Following these studies, in which the acceptance seemed to be an active process contributing to clinical improvement, researchers began to re-analyze past data to determine the role of ACT processes in therapeutic outcome. For example, Vowles and McCracken (2010) conducted a secondary analysis of their previous outcome study (Vowles & McCracken, 2008). In this process analysis they aimed to examine how changes in traditional methods of managing chronic pain compare to psychological flexibility. Results indicated that while changes in psychological flexibility were persistently related to improvements in functioning, traditionally conceived methods were unrelated to improvements. This study is a great example of why a process analysis is important – because it is not enough to know that a treatment package works, we have to know how it works. According to these authors, coping methods thought to be useful with this population may not be related to treatment improvement, but changes in psychological flexibility seem to make an important contribution. In the next couple of years two further mediational analyses of earlier outcome studies were published. Wicksell, Olsson & Hayes (2010) took the data from the Wicksell, Ahlqvist, Bring, Melin and Olsson (2008) whiplash study. Results indicated that psychological flexibility mediated improvements seen in pain disability and life satisfaction. Interestingly, a number of process variables important in CBT did not mediate improvements seen in many of the outcome measures. Wicksell, Olsson and Hayes (2011) then took the data from the Wicksell et al. (2009) pediatric study and found similar results. Namely, that variables consistent with psychological flexibility mediated the effects of ACT based interventions to improve outcome in those with chronic pain.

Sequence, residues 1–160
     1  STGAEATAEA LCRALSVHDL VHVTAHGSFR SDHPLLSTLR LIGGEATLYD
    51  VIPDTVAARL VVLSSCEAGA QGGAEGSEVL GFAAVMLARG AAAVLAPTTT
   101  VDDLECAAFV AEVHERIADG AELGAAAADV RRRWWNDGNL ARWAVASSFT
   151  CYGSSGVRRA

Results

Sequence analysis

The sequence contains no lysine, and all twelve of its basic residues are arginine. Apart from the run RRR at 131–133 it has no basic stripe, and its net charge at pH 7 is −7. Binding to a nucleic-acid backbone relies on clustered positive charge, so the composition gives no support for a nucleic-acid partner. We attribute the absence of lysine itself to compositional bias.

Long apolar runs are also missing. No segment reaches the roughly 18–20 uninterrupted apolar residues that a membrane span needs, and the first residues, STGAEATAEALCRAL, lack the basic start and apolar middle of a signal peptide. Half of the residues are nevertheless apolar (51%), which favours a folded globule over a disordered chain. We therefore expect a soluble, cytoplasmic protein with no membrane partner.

Recently, two further studies have been published investigating mediation and process. Vowles, Witkiewitz, Sowden and Ashworth (2014) published an open trial in which 117 patients were given a brief ACT based intervention. Results indicated that 46.2% of patients had achieved clinically significant change by 3-month follow-up. Importantly changes in psychological flexibility were found to mediate the improvements found in disability, depression, pain related anxiety, number of medical visits and the number of prescribed analgesics (pain killers). Finally, Vowles, Fink and Cohen (2014) asked participants to complete a weekly diary that assessed pain control and engagement in valued activities over the course of a 4-week ACT intervention for chronic pain. In terms of outcome 47.6% of the patients evidenced reliable disability reduction. In terms of process, the expected pattern of change occurred for 81% of participants, where decreases in pain control and increases in engagement with valued activities reliably reduced disability, and the absence of the pattern was associated with a lack of reliable change.